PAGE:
The majority of adult social care is delivered via local authority commissioning within a highly competitive and price sensitive market of third sector and private providers. Commissioning processes are often seen to be prioritising professional inputs rather than personal outcomes and the current practice of commissioning by competitive tendering appears to be at odds with the underlying values of personal choice and control. While some local authorities have explored alternative, flexible means of commissioning, traditional commissioning remains dominant, with continued use of time and task. Encouraging the sharing of best practice and the ceding of control over audit will enable greater innovation in social care provision.
There has been some research around the importance of commissioning. For example. Julian Corner, Chief Executive of Lankelly Chase, has noted that commissioning models and the replacement of public delivery model simply with VCO providers may lead to the same services being delivered by different providers, ultimately leading to voluntary and community organsations to lose their unique perspectives. This may undermine the third sector’s ability to challenge those who commission services because they are afraid of losing out on contracts and funding
Within the 2016 CCPS Business Resilience Survey 60% of respondents answered yes to the question ‘have you abstained from or withdrawn from a procurement process in the past year?’ and nearly 20% of respondents noted that they had withdrawn from current contracts because they were no longer financially viable. Handing back services, due to factors such as low hourly rates or a lack of resources, may become more common as issues around sustainability come to the fore. This impacts the consistency and quality of services individuals receive and also has important implications for staff morale.
How you contract shapes what is delivered. This is not to say that merely redesigning procurement processes will be enough to ensure sustainability and personalisation, but commissioning models can be better positioned to promote innovation. Resource constraints can encourage standardised services and insecure funding arrangements can lead to moves away from innovative projects.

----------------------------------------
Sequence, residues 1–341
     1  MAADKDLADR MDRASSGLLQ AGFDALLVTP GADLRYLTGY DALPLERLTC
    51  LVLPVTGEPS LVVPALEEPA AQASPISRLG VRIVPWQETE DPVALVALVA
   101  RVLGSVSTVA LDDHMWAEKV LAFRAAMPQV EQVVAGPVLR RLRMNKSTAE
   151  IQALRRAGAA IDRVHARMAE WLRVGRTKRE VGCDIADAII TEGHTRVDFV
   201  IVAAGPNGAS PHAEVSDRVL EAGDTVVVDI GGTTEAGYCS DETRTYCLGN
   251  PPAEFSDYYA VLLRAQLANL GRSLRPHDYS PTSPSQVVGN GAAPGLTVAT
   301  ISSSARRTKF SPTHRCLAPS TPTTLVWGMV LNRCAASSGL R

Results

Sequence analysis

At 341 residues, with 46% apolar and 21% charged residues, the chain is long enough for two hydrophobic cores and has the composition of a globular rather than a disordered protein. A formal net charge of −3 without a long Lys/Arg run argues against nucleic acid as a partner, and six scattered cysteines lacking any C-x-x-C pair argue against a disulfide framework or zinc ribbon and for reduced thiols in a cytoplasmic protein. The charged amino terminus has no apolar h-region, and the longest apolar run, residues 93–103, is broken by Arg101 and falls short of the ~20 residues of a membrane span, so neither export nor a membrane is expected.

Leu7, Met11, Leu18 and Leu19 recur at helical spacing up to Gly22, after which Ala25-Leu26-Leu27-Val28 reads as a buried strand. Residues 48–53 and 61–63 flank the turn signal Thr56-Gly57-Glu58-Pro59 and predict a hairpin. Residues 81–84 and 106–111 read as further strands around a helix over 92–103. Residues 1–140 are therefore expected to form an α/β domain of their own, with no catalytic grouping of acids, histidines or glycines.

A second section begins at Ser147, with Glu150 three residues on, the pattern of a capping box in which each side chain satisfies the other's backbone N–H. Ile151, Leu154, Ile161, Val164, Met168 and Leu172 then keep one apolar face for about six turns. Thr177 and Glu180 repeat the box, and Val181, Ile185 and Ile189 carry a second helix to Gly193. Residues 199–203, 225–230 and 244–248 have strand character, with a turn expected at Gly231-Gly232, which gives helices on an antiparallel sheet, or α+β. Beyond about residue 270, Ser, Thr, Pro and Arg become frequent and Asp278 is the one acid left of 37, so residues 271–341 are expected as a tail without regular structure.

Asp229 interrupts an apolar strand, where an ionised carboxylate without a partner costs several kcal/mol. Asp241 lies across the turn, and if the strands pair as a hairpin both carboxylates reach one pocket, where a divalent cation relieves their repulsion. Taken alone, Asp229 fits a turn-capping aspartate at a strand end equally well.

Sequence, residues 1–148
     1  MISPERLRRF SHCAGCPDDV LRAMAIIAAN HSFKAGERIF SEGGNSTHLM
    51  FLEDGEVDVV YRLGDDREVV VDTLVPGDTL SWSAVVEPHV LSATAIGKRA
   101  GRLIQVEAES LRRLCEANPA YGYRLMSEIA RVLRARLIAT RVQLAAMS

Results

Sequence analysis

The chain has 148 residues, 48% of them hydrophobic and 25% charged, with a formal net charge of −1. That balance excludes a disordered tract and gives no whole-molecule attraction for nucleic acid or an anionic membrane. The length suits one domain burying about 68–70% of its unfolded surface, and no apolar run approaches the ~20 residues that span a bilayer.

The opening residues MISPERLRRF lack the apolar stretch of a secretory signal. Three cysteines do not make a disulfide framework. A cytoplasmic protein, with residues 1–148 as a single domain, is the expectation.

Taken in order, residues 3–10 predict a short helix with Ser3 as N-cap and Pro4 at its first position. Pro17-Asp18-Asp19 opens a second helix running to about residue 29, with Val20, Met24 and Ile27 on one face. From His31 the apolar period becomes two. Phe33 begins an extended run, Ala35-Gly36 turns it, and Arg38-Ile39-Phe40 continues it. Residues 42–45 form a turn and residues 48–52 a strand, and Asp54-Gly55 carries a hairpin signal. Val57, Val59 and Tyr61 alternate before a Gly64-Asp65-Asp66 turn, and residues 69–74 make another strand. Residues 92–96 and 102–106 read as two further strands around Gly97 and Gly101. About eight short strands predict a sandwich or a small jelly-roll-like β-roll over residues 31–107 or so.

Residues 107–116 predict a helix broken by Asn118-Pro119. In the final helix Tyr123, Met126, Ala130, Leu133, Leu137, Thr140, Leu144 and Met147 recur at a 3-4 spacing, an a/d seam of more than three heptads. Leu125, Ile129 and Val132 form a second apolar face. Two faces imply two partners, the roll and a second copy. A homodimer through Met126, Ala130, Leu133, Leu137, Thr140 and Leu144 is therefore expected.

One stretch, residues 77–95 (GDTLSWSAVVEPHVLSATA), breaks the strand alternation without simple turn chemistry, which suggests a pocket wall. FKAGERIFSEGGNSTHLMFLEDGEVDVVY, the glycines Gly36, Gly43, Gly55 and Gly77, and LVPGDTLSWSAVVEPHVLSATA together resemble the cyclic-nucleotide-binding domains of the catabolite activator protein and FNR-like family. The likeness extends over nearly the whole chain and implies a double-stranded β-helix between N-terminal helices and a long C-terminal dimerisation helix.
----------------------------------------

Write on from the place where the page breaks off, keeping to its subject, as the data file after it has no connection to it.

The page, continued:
The UK Government’s National Living Wage and the Scottish Government’s ‘real’ living wage commitment for all social care staff, although welcome, represents a particular risk for the budgets and operations of social care organisations. There are also ongoing discussions around qualifications, full payment of sleepovers and travel between clients and, as yet, local authorities are not applying appropriate weight to fair work in the commissioning process and contract evaluation.
Pay is only one aspect of the fair work agenda and consideration must also be given to working conditions. This is particularly important if the image of social care as a career is to be improved. Social care is a feminised sector, with women overrepresented within the profession and there must be gendered considerations when assessing working conditions. Tackling this occupational segregation across the health and social care must look at men’s under-representation in caring professions, as well as overcoming the barriers to career progression and leadership for women. Engender’s Sex and Power in Scotland 2017 report also found that while 71% of the NHS workforce is comprised of women, only 38% of NHS health board chief executives are women and only 30% of Health and social care integration joint board chairs are women. This ultimately represents a significant gender gap between staff grades across NHS Scotland.
Unison have highlighted some key staffing questions which require attention if social care work is to be seen as a secure, fulfilling job where employees have an effective voice. It is clear that recruitment, retention and reward are crucial debates for the sustainability of social care as the 2016 Business Resilience Survey highlighted that 74% of respondents had experienced ‘a lot or some difficulty with recruitment’.